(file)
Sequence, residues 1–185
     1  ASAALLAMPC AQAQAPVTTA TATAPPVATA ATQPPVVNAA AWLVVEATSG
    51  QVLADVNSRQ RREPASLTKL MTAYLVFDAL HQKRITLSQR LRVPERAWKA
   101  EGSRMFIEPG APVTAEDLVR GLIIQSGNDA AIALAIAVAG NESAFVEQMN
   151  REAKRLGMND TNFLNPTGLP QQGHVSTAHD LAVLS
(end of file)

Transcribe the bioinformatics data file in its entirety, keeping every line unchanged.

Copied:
Sequence, residues 1–185
     1  ASAALLAMPC AQAQAPVTTA TATAPPVATA ATQPPVVNAA AWLVVEATSG
    51  QVLADVNSRQ RREPASLTKL MTAYLVFDAL HQKRITLSQR LRVPERAWKA
   101  EGSRMFIEPG APVTAEDLVR GLIIQSGNDA AIALAIAVAG NESAFVEQMN
   151  REAKRLGMND TNFLNPTGLP QQGHVSTAHD LAVLS